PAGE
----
She later complained of severe headache and visual disturbances that had been increasing in severity over the preceding two days. She was agitated, disorientated, and confused. An impression of right hemispheric stroke to exclude venous sinus thrombosis was made by the clinician at this stage.

During ophthalmologic review, fundoscopic examination was unremarkable. Diagnosis of cortical blindness was, however, made 5 th day post-admission. She had since been co-managed by neurologist, ophthalmologist, and physiotherapist. After three days on admission, the BP was maintained between 120/90 and 110/80 mmHg. Full blood count, urea, and creatinine were within normal limits.

Cranial CT scan done appeared normal on pre-contrast scan[Figure 1], but showed relatively bilaterally symmetrical posterior parieto-occipital gyriform enhancement on post-contrast scan [Figure 2]. There was no evidence of intracranial hemorrhage or cerebral infarction.
Figure 1: Non-contrast CT (axial view) showing no obvious abnormality

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Figure 2: Contrast CT (axial view) showing bilateral gyriform enhancement in the posterior cerebral hemispheres

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Based on the findings, a diagnosis of posterior reversible encephalopathy syndrome (PRES) was entertained.

Protein became negative 10 th day post-admission undetectable by dipstick. Thereafter, the vision and the power in all the limbs improved progressively. She became ambulant and could count fingers and identify colors at 23 day post-admission. She made full recovery with no neurological sequelae, thus confirming the radiologic diagnosis of PRES. She was discharged after 25 days on admission to be followed up in the clinic. Repeat cranial CT after recovery could not be done due to financial constraint. She had been seen at follow-up clinic twice, with full recovery of vision including ability to read, and also full functions of all the limbs.

   Discussion Top

The terms posterior reversible leukoencephalopathy, reversible posterior cerebral edema syndrome, or posterior reversible encephalopathy syndrome (PRES) refer to a clinico-radiologic entity characterized by headaches, confusion, visual disturbances, seizures, and posterior transient changes on neuroimaging. [6] PRES is usually associated with toxemia of pregnancy, acute hypertension, renal insufficiency, or immunosuppressive therapy.

The association of PRES with toxemia of pregnancy is well-established. [7] Before PRES was first explicitly characterized in 1996, a number of case reports described the MRI finding of posterior leukoencephalopathy as an interesting anomaly in the eclamptic patient. It has thereafter been reported severally in association with postpartum eclampsia, after an uncomplicated vaginal delivery, [8] as in this case report. Other well-recognized underlying causes associated with PRES include uremia, hemolytic-uremic syndrome, SLE, medications such as cyclosporine and tacrolimus, and chemotherapeutic agents such as cisplatin, interferon alpha, and intrathecal methotrexate. [9],[10] Autoimmune connective tissue diseases, thrombotic thrombocytopenic purpura, HIV syndrome, acute intermittent porphyria, organ transplantation have also been reported. [5],[11]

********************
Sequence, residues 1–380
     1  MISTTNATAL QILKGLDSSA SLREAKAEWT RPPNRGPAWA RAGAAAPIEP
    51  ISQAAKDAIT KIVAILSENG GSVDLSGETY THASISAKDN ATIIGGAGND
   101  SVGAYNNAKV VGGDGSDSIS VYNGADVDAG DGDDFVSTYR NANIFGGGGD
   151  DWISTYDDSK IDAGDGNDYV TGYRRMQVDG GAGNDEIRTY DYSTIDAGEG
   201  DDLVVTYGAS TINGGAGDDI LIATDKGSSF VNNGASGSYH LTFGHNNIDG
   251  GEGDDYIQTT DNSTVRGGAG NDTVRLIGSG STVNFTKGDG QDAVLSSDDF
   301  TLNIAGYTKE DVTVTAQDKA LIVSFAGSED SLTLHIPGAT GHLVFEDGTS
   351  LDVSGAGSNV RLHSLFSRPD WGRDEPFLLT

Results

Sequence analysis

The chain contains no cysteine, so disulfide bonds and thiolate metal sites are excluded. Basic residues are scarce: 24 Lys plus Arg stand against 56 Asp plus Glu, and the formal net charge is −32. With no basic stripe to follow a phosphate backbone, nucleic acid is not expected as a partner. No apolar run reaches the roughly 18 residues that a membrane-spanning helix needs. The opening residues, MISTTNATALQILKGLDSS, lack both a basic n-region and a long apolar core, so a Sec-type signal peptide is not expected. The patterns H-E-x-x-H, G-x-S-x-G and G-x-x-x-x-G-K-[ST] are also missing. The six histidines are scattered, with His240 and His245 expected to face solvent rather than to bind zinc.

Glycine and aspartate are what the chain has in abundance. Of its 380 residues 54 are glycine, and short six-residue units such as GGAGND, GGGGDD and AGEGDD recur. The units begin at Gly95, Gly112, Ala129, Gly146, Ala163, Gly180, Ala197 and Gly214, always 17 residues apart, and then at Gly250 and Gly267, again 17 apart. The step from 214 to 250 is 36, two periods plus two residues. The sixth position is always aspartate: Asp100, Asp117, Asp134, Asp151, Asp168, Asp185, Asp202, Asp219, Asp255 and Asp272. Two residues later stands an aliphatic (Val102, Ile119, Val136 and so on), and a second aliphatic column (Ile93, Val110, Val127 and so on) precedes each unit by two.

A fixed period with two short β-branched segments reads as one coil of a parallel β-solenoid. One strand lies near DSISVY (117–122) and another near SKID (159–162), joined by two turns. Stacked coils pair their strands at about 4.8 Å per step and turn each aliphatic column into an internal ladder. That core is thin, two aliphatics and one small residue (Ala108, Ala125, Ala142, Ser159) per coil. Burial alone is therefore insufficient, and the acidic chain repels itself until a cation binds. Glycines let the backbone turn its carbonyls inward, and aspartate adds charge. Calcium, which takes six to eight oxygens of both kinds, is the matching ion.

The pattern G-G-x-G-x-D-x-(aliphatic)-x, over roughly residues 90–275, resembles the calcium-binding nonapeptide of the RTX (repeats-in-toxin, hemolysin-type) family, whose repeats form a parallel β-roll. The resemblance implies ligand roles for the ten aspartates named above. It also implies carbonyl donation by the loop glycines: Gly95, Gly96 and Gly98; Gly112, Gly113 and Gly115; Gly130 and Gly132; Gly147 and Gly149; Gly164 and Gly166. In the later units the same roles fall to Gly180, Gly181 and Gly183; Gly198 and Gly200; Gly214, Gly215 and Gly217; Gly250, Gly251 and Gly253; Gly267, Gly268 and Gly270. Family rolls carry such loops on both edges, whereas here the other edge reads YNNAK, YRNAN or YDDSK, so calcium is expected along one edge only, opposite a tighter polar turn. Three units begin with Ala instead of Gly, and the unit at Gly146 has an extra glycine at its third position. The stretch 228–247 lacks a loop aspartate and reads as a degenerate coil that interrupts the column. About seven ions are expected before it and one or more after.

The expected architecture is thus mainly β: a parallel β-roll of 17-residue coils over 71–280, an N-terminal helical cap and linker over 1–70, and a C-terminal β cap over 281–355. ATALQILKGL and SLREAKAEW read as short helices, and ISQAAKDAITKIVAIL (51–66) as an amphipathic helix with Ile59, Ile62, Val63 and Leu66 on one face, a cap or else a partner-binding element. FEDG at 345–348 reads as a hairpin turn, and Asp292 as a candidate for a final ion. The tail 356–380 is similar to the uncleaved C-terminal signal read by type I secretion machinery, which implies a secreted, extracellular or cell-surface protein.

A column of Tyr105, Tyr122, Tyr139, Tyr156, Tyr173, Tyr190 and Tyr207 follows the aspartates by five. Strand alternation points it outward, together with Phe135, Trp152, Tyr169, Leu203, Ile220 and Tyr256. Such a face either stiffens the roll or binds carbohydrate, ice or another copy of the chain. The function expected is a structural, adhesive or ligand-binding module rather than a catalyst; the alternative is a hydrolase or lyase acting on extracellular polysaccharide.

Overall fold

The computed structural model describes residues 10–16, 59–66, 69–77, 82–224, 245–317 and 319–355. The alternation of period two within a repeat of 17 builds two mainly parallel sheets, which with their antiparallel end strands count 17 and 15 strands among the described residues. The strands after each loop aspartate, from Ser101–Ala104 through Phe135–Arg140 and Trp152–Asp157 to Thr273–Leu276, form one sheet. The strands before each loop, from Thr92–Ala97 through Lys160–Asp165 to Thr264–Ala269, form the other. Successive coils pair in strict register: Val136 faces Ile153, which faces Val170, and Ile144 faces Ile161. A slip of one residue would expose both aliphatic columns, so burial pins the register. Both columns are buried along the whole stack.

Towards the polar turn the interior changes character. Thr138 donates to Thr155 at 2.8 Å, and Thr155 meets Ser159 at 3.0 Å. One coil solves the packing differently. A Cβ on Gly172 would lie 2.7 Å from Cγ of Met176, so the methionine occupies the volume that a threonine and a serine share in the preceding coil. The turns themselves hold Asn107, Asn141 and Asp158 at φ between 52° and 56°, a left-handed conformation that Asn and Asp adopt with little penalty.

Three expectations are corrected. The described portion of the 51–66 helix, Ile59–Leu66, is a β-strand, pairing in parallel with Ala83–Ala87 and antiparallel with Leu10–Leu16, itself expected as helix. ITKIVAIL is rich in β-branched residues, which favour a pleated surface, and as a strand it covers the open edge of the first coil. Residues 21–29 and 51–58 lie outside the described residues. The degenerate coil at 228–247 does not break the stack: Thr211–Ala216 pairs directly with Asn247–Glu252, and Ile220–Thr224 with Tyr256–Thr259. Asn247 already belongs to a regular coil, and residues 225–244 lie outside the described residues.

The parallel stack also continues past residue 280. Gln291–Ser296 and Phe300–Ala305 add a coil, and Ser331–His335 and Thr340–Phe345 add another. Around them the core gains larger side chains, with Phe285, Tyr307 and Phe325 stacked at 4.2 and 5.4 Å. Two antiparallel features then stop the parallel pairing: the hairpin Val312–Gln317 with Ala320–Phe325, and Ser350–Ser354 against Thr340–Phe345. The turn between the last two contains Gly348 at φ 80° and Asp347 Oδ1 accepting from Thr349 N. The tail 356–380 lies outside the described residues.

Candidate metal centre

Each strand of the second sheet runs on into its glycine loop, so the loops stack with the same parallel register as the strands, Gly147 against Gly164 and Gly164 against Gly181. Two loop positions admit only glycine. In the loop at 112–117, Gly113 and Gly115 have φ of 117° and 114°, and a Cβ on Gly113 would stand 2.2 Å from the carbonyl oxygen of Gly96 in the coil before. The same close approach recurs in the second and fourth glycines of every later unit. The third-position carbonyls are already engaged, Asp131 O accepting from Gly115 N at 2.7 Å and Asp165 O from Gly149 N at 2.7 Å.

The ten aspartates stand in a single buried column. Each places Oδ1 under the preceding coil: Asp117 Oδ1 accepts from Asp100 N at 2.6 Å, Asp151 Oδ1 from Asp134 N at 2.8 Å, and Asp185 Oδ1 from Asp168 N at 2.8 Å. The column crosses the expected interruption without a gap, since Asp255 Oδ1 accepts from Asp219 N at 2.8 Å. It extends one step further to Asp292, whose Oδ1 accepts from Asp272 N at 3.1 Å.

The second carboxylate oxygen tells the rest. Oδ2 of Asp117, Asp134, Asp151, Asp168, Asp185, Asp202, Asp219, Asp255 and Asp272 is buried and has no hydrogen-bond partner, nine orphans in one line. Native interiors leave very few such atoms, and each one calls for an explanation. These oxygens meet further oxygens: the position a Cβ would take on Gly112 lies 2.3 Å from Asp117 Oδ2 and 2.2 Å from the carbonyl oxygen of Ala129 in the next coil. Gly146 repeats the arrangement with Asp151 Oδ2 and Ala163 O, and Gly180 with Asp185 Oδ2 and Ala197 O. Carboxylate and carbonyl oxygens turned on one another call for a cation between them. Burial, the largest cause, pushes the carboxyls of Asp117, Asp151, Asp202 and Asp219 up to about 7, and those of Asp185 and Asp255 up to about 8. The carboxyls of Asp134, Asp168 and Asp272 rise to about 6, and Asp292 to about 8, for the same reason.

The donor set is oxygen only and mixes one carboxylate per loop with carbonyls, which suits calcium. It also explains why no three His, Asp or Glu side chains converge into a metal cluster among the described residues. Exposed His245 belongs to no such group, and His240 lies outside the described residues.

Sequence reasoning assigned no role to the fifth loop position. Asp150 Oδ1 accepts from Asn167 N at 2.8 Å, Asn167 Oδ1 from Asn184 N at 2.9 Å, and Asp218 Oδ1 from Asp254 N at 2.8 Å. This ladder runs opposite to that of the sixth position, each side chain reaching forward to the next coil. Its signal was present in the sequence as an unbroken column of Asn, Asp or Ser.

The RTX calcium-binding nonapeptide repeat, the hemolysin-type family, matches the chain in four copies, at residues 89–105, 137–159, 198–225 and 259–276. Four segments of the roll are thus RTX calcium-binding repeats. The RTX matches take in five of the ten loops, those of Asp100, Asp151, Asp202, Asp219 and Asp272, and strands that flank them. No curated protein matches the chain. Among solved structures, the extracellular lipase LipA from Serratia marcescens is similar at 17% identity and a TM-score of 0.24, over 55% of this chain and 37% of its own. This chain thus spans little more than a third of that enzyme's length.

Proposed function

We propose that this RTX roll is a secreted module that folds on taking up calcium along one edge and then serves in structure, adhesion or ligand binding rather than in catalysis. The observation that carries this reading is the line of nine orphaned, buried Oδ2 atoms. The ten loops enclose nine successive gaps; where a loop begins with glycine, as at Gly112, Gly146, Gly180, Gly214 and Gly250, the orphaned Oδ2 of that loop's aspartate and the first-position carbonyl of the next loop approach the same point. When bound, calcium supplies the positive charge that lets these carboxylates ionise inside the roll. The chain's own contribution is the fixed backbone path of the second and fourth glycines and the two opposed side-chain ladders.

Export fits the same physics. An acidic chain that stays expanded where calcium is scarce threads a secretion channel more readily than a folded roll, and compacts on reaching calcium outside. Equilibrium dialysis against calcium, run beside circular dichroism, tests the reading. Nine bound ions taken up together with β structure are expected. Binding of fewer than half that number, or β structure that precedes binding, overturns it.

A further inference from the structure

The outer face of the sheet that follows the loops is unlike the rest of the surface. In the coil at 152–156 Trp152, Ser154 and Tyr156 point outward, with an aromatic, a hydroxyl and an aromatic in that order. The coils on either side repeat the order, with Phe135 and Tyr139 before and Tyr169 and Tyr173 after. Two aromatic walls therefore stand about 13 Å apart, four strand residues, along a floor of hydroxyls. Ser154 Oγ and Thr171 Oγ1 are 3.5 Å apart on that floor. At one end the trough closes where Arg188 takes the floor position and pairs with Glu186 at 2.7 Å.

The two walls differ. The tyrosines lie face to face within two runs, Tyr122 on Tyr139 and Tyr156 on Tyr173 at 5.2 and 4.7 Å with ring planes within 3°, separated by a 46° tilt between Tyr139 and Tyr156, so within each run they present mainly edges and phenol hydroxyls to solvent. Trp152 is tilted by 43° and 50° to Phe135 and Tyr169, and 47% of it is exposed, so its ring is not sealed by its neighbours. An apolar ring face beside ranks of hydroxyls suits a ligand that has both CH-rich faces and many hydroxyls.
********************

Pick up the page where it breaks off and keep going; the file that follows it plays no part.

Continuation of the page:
The pathophysiology of PRES has been a source of extensive debate among many investigators; however, it is thought to be related to hypertension-induced uncontrolled vasospasm, coupled with autoregulatory failure, and endothelial cell dysfunction/injury leading to blood-brain barrier leakage, with resultant cortical and sub-cortical vasogenic edema. [2],[12],[13]

The vulnerability of the posterior cerebral circulation compared with the anterior brain circulation may be related to differences in autonomic innervations. Sympathetically mediated vasoconstriction protects the anterior circulation from over-perfusion during acute hypertension and vasospasms secondary to sudden and severe increase in blood pressure or brain ischemia. [12]

There is a paucity of information on PRES in Africa possibly because of under-diagnosis in view of the need to have neuroimaging for confirmation. Araqi-Houssaini and colleagues reported a case series of 13 patients with eclampsia managed over a period of 5 years with total regression of symptoms in a significant number of them. [14]

The clinical findings are often non-specific; so, the diagnosis may be difficult to establish, particularly in patients who have other illness. Various neurologic conditions such as stroke, intracranial hemorrhage, venous thrombosis, and encephalitis could mimic PRES. [9]

The most characteristic imaging pattern in PRES is the presence of edema involving the white matter of the posterior portions of both cerebral hemispheres, especially the parieto-occipital regions, in a relatively symmetric pattern that spares the calcarine and para-median parts of the occipital lobes. [13] Asymmetric appearance had also been noted. [15] Other structures such as the brain stem, cerebellum, and frontal and temporal lobes) may also be involved, and although the abnormality primarily affects the sub-cortical white matter, the cortex and the basal ganglia may also be involved. [13],[16],[17]

Occasionally focal areas of edema may be beyond the resolution of CT scan, and this could account for the apparently normal CT in this patient. [15] Although they are rare, gyriform enhancement or parenchymal hemorrhage can occur in complicated cases. [6],[13] Gyriform enhancement on contrast-enhanced CT as seen in this case, parenchymal hemorrhage and restricted diffusion on MRI, have all been described as atypical findings. [16] Although not widely described in the literature, incidence varying between 33% and 37% has been reported. [16],[17]